Executive Perspectives Part 2 – Toyota Streamlines Business with Cisco
Check out this part 2 of our Executive Perspectives series. Here we follow on from Part One: Executive Perspectives and AkzoNobel – Manufacturing Industry CIO/CXO Special – Part 1, and look at how one of Cisco’s customers in the automotive industry has partnered to gain real business benefits.
Following the economic turbulence of the “Great Recession,” Toyota felt the need to improve its revenue structures. These earnings are directly linked to advanced work performed by knowledge workers in areas such as research and development on new cars, production, and sales. Toyota also wanted to shorten its product time-to-market to maintain its competitive market lead. The firm turned to the Cisco Internet Business Solutions Group (IBSG) to help Toyota determine where improvements could be made and how to implement them.
Internet Business Solutions Group (IBSG)
Cisco IBSG proposed analyzing knowledge-worker productivity based on which activities directly benefited customers, and reviewed operations from a zero-based perspective.
“I was searching for a way to stop our business from becoming too bloated . . . . I had tried a variety of measures to try to reduce operational waste, but I wasn’t really pleased with the results. Then we had the good luck to learn about Cisco IBSG’s advanced way of thinking and the practical solutions they champion. Their approach to decreasing operational waste was clearly understood by everyone.”
Kazuo Okamoto, Vice Chairman, Board Member, Toyota Motor Corporation
Toyota was founded in 1933, and is operated along traditional lines. It is renowned for its “A3” practice of using a single sheet of A3-size paper for proposals or reports—a practice that kept such documents concise and to the point. While Toyota is also respected for its dedication to the principles of Kaizen, or continuous improvement, a significant area of waste was discovered in knowledge-worker processes (non-factory-related processes that take place among workers with specialized knowledge).
The types of unproductive work varied widely, from preparation of internal reports, researching information, and moving from place to place for meetings—to simply waiting for responses from others. Eliminating all processes that did not directly add value to the end customer was clearly not possible, so each task had to be carefully analyzed and a decision made about how to eliminate, streamline, or digitize it.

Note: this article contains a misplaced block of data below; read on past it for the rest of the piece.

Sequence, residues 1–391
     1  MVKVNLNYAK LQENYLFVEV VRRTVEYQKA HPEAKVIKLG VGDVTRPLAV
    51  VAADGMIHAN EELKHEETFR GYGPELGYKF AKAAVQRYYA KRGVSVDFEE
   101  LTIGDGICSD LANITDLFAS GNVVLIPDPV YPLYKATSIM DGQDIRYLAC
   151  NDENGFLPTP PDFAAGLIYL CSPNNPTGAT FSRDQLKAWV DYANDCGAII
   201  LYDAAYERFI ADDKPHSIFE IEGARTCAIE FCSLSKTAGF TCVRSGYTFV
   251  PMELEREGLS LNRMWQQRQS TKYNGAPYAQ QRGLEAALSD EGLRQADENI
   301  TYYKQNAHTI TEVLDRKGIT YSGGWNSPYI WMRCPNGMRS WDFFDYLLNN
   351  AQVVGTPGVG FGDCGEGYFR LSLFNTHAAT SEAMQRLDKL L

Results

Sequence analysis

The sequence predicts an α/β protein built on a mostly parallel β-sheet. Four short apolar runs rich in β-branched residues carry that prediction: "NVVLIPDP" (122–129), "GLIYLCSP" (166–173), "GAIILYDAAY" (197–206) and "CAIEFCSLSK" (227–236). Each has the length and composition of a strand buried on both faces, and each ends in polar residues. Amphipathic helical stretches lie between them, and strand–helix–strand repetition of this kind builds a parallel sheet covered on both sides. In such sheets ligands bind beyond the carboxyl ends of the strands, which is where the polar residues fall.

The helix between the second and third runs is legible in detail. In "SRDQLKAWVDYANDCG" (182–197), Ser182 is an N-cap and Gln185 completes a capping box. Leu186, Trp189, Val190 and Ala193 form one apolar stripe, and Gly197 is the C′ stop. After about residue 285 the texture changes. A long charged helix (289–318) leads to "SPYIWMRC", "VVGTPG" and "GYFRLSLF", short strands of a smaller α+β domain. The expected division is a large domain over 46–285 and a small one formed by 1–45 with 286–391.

So how did Cisco help overcome the challenges?
Well, you can read all about the solution to the challenges here. But let’s cut to the chase and tell you what was achieved (read the Executive Perspectives story at the Special Manufacturing Industry Executive Perspectives site by clicking here.)
The initial phase of the project yielded a 15 percent increase in knowledge-worker productivity, largely from business-process and cultural transformation that eliminated unnecessary tasks (such as document preparation, short trips for meetings, and redundant processes), and from improved communications and collaboration. The subsequent productivity improvement program (virtualizing meetings) boosted this gain to 18 percent.
Toyota and Cisco IBSG believe that an 18 percent gain in productivity is just the beginning, anticipating far greater productivity enhancements in the future as workers adjust to the cultural and technological transformations taking place. As the company’s culture has been integrated with advanced IT, including information-sharing and collaboration tools, it is anticipated that knowledge-worker processes will be enhanced still further as the company expands the productivity initiative across all technology fields and moves away from traditional, paper-based processes.
Do you have these challenges? How are you solving them? Let me know!